If you are not familiar with it, the ability to join a conference using the “Call me at” option it is a powerful communication feature. In Microsoft Skype for Business (SfB) and Lync, it allows end-users joining a SfB conference call (i.e. participants) to join the audio portion of the call by having the SfB server call out to whatever number the user specifies. This could be their cell phone, desk phone, or any manually specified phone number – provided the user is enabled for it, and as the Enterprise Voice feature set has been deployed.

When the user launches a Skype meeting, they are presented with some options to join the audio portion of the meeting as shown below. This screen shot shows one of the first sources of confusion – the “Call me at” drop-down box of numbers appears blank:

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I have yet to determine if this is a SfB system configuration but I have seen it in the field several times. If this holds true for you, the best solution is user awareness, and fortunately once they click on the “Call me at” option (radio button), they will see a choice of numbers as shown here:

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Another challenge with this feature is that if the end-user is not configured on the back-end server (Lync Server 2013 used here), the end-user experience is confusing. Even though the SfB client will allow the user select this join method, it will produce a generic error as shown here:

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If you are seeing this error, check to make sure the user is enabled in the Skype for Business (SfB) or Lync Server 2013 deployment. And what settings enable them to use this feature?

Two system settings can be used to enable this conference join option. This is an “either / or” situation.  If they are enabled for either of these settings, they will be able to join conference audio using the “Call me at:” feature:

  1. Enterprise Voice, or,
  2. Conference Policy Setting (“Allow participants not enabled for Enterprise Voice to dial out”)

For the Enterprise Voice setting, if the user is enabled for “Enterprise Voice” in the Telephony setting of their account, they will have this capability regardless of the Conferencing policy setting. The setting for Enterprise Voice is in the user account in the Lync/SfB Control Panel:

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The Lync/SfB Server Conferencing Policy setting which will also give a user this capability is the “Allow participants not enabled for Enterprise Voice to dial out”. It is available in the Lync/SfB Conferencing Policy setting in the Administrative Control Panel as shown below.  Lync/SfB policies can apply at different levels (Global, Site, User) so ensure that whatever policy you enable this setting with, is the effective policy applied to the user accounts you want to enable this feature for.

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Any SfB user with this Conference policy setting enabled will be able to join via the “Call me at” option even if they are NOT enabled for enterprise voice.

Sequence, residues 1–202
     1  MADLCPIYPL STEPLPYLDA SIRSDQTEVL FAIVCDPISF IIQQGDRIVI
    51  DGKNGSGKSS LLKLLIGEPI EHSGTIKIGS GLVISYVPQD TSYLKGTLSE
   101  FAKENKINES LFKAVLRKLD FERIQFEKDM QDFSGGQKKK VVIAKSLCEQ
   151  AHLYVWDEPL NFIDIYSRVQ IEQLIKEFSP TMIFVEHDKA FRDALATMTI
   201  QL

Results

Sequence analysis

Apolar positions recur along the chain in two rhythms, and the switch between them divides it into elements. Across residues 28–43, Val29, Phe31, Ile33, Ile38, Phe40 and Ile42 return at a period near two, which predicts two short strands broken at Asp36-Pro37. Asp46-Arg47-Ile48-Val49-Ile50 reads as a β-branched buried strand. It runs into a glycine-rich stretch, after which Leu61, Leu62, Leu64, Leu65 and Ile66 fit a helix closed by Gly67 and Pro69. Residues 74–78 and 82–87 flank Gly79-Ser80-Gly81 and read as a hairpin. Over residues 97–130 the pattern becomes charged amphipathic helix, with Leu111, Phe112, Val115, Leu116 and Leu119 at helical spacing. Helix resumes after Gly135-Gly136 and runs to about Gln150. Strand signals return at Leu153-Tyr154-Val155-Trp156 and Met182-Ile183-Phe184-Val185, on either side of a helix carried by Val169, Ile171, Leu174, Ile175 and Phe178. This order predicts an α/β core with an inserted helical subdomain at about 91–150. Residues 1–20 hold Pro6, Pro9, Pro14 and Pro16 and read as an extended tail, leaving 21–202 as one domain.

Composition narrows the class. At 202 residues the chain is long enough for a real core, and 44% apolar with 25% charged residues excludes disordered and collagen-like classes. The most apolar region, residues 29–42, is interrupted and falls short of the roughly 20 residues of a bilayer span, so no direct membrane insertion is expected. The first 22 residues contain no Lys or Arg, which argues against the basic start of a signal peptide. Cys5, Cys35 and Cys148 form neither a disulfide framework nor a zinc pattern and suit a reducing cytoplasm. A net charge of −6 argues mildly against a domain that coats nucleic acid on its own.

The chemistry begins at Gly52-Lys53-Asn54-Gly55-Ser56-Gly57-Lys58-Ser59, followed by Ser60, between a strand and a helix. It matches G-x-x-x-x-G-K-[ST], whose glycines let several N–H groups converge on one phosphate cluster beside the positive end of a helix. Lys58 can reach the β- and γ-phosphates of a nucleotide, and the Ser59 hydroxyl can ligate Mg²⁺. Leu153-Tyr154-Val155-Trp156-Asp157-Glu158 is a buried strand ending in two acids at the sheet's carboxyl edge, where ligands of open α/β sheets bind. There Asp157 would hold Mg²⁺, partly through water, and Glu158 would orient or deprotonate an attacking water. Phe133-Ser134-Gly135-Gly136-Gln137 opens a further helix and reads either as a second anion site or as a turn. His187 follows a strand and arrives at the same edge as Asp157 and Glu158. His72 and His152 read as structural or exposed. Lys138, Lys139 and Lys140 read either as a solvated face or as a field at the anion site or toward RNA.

The only other question around this feature is usually from Administrators who want to know how to control which numbers the end-user is given as choices. This is controlled by the same number options that show up in the Lync/SfB address book.

Happy Skyping,

Skype for Business Mobile Client Preview Release

Details of the Skype for Business mobile client were announced today, along with an associated preview program here: https://blogs.office.com/2015/08/11/announcing-the-technical-preview-of-skype-for-business-apps-for-ios-and-android/. Both Skype for Business online and on-premises (Lync and Skype) can sign-up for the preview program if the mobile features are deployed today. To participate, either an IT administrator or tenant administrator nominates 4 of their end-users here: https://www.skypepreview.com/.

Each participate is identified by name with their device type and OS version, and individual instructions are sent to them to participate.

In addition to the details in the Microsoft Office blog post, are are some details to clarify common questions:

  1. The Skype for Business mobile client replaces (upgrades) the Lync 2013 mobile app on iOS and Android when the end-user upgrades the app from the store.
  2. The Skype for Business mobile client replaces will GA later this fall.  It will be a one-way upgrade – no rolling back.
  3. The Skype for Business mobile client will work against a Lync 2013 Server, but not a Lync 2010 Server.
  4. The Lync 2010 mobile client will be a separate mobile client and will be kept and maintained separately.
  5. Windows Phone users can already download the Skype for Business Windows Phone App here: https://www.microsoft.com/en-us/store/apps/skype-for-business/9wzdncrfjbb2.

The new mobile client follows the same new streamlined UI and workflow theme of the thick client.  Looking forward to giving it a whirl!

Skype for Business News

In case you missed it, on the eve of Microsoft Ignite, the Skype for Business Server 2015 build has been officially released – the RTM version is available for download on MSDN (thanks to fellow MVP Jeff Schertz for alerting me to this):

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The download is 1.4 GB. Just a reminder, it is an in-place upgrade from Lync Server 2013 with no additional hardware requirements.

The TechNet documentation was released a couple of days ago and is available here: https://technet.microsoft.com/en-us/library/gg398616.aspx.

Fellow MVP Matt Landis has already done a nice job on a Step by Step Skype for Business Server 2015 In Place Upgrade blog post.

And lastly, Microsoft has already updated the Key Health Indicators for the new Skype release – available here: Key Health Indicators for Lync Server 2013 and Skype for Business Server 2015.